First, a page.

Other states, such as Connecticut, have regulations that are similar to South Carolina’s in that they primarily address disclosure of the dealer fee but do not offer guidance on the amount a dealer can charge: “A ‘dealer conveyance fee’ or ‘processing fee’ means a fee charged by a dealer to recover reasonable costs for processing all documentation and performing services related to the closing of a sale, including, but not limited to, the registration and transfer of ownership of the motor vehicle which is the subject of the sale.”

So, in a private lawsuit or AG action in a state like Connecticut, the questions may well be what amount is considered “reasonable” and how are the costs justified?
Although all cases are different, information from the South Carolina court may lend some insight on how to avoid or defend against dealer fee attacks. The following excerpts from the case would seem relevant:

• The dealership’s expert witness in the SC case testified that the dealership’s average closing costs, which were $506.96, greatly exceeded the $299 fee the plaintiff paid. But in calculating the average closing cost, he included expenses for the salaries of finance and sales managers, the building, utilities and outside services.” The court disagreed. “All of these are general operating expenses and not directly tied to the closing of motor vehicle sales. If a motor vehicle dealer wishes to be compensated for these expenses, it may include them as part of the overall purchase price of a vehicle.”
• The court further opined that the term “cost” in the context of the “Closing Fee” Statute “would refer to the amount of money a dealer is required to expend to perform the services it provides to a customer at closing, and to otherwise comply with the disclosure, documentation, and record retention requirements imposed under state and federal law. While we recognize the difficulty a dealer may face in determining the exact amount of a specific purchaser’s closing fee prior to closing, we agree with the trial judge’s interpretation that the amount charged must bear some relation to the actual expenses incurred for the closing.”
• The court emphasized that a “closing fee” is not limited to expenses incurred for document preparation, retrieval, and storage. However, any costs sought to be recovered by a dealer under a closing fee charge must be directly related to the services rendered and expenses incurred in closing the purchase of a vehicle. Given that each vehicle purchase is different, compliance with the “Closing Fee” Statute does not require that the dealer hit the “bull’s-eye” for each purchase. A dealer may comply with the statute by setting a closing fee in an amount that is an average of the costs actually incurred in all closings of the prior year.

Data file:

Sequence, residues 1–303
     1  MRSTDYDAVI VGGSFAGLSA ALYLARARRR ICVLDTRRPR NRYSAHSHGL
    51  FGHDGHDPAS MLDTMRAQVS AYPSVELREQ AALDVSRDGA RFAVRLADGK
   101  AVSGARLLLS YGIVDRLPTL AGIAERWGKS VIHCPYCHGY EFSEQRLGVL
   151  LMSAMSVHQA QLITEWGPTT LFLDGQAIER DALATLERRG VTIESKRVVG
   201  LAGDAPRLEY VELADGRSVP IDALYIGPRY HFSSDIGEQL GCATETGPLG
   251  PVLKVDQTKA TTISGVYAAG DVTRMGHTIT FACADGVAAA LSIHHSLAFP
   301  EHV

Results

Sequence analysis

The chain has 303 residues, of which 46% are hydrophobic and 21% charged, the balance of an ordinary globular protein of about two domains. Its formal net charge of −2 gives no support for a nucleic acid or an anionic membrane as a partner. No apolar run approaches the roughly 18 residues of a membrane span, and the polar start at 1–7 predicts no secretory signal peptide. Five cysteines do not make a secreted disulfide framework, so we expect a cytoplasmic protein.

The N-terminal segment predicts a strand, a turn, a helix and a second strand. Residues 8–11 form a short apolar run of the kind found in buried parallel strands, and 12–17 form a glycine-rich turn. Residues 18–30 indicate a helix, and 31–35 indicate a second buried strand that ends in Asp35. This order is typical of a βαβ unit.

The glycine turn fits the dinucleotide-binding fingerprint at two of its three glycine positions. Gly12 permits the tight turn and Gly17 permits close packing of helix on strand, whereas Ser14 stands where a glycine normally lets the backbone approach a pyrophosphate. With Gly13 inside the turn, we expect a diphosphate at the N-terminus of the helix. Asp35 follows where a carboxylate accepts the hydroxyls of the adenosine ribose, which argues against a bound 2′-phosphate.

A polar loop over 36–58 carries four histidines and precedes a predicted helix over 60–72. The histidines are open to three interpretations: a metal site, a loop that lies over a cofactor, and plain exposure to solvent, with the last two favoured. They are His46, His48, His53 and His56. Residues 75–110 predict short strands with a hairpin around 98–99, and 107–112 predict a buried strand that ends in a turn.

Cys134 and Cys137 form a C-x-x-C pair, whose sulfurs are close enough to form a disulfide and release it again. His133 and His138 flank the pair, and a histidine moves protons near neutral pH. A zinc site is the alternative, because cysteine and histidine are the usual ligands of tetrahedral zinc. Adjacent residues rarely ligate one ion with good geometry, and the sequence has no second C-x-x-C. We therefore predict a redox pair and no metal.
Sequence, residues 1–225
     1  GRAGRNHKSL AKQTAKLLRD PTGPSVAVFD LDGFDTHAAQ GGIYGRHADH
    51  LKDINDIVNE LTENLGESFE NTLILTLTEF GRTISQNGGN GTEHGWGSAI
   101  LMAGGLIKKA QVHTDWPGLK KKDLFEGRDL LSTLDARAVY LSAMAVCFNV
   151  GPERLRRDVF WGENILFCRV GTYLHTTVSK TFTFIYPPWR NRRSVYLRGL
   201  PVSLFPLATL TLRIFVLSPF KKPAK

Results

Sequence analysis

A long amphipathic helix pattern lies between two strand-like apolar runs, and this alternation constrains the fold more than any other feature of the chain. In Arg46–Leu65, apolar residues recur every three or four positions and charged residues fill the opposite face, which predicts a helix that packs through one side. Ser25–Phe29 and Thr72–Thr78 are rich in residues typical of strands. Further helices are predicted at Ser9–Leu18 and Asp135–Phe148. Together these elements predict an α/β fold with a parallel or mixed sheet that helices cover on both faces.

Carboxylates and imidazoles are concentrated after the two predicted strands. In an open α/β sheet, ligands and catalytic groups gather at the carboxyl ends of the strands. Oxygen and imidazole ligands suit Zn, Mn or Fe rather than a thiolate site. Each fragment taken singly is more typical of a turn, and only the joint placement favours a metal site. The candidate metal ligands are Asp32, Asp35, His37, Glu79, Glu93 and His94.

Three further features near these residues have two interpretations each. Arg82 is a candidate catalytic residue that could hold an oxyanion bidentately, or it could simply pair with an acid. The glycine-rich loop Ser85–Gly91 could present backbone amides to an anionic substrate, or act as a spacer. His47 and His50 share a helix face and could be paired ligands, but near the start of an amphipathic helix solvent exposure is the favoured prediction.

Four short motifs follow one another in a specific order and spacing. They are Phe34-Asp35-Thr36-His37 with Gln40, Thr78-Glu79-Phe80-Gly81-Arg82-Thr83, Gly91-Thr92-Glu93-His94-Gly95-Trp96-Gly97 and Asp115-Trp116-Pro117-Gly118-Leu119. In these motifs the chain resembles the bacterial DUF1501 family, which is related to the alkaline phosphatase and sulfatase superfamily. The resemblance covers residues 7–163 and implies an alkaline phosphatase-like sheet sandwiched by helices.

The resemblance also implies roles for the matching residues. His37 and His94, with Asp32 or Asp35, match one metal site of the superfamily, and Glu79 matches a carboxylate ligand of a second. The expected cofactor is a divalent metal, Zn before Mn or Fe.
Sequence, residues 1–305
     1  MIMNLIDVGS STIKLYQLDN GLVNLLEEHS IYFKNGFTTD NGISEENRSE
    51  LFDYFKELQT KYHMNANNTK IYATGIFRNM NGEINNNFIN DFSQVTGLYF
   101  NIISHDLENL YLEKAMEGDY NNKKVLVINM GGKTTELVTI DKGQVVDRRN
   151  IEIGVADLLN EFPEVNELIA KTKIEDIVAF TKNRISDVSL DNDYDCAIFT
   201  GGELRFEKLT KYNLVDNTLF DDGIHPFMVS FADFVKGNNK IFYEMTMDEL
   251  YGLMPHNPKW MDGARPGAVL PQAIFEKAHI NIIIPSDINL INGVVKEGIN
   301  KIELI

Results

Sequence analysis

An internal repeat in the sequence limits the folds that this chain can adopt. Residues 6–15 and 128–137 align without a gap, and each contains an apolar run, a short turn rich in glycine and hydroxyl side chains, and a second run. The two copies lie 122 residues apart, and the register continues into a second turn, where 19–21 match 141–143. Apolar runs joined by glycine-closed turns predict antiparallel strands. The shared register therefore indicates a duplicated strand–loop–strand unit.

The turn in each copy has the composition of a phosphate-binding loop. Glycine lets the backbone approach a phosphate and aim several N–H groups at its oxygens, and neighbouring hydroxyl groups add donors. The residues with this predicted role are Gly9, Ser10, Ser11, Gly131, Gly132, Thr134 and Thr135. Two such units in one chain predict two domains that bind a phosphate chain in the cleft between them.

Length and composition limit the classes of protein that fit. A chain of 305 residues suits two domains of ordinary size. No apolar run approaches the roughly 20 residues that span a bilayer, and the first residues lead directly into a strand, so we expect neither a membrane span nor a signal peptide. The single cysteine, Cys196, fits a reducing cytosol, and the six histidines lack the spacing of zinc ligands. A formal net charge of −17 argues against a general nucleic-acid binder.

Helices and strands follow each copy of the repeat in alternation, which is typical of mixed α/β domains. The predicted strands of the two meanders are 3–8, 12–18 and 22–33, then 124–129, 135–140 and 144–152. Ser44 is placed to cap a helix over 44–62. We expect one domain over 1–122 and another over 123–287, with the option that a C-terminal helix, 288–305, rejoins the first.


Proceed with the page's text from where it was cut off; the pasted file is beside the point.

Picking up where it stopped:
Based on the above, some ideas for what may constitute “reasonable costs for processing all documentation and performing services related to the closing of a sale” include:

• Processing and submission of credit applications to finance companies*
• Preparation of finance or lease documents*
• Preparation and submission of vehicle registrations both manually and electronically with the DMV
• Filing and releasing security liens on purchased and traded vehicles as contractually required by lending institutions
• Processing applications for new or duplicate title documents with the DMV
• Processing the pay-off of an existing lien on any vehicle offered in trade
• DMS (Dealer Management System) costs to process paperwork
• Software such as Dealertrack or RouteOne to investigate credit, print required disclosures, and run Red Flags and OFAC checks
• Forms, toner, etc.
• Compliance training and auditing costs
• Fees to attorneys for vetting documents

* Some states prohibit the inclusion of fees to process loan documents in the dealer fee.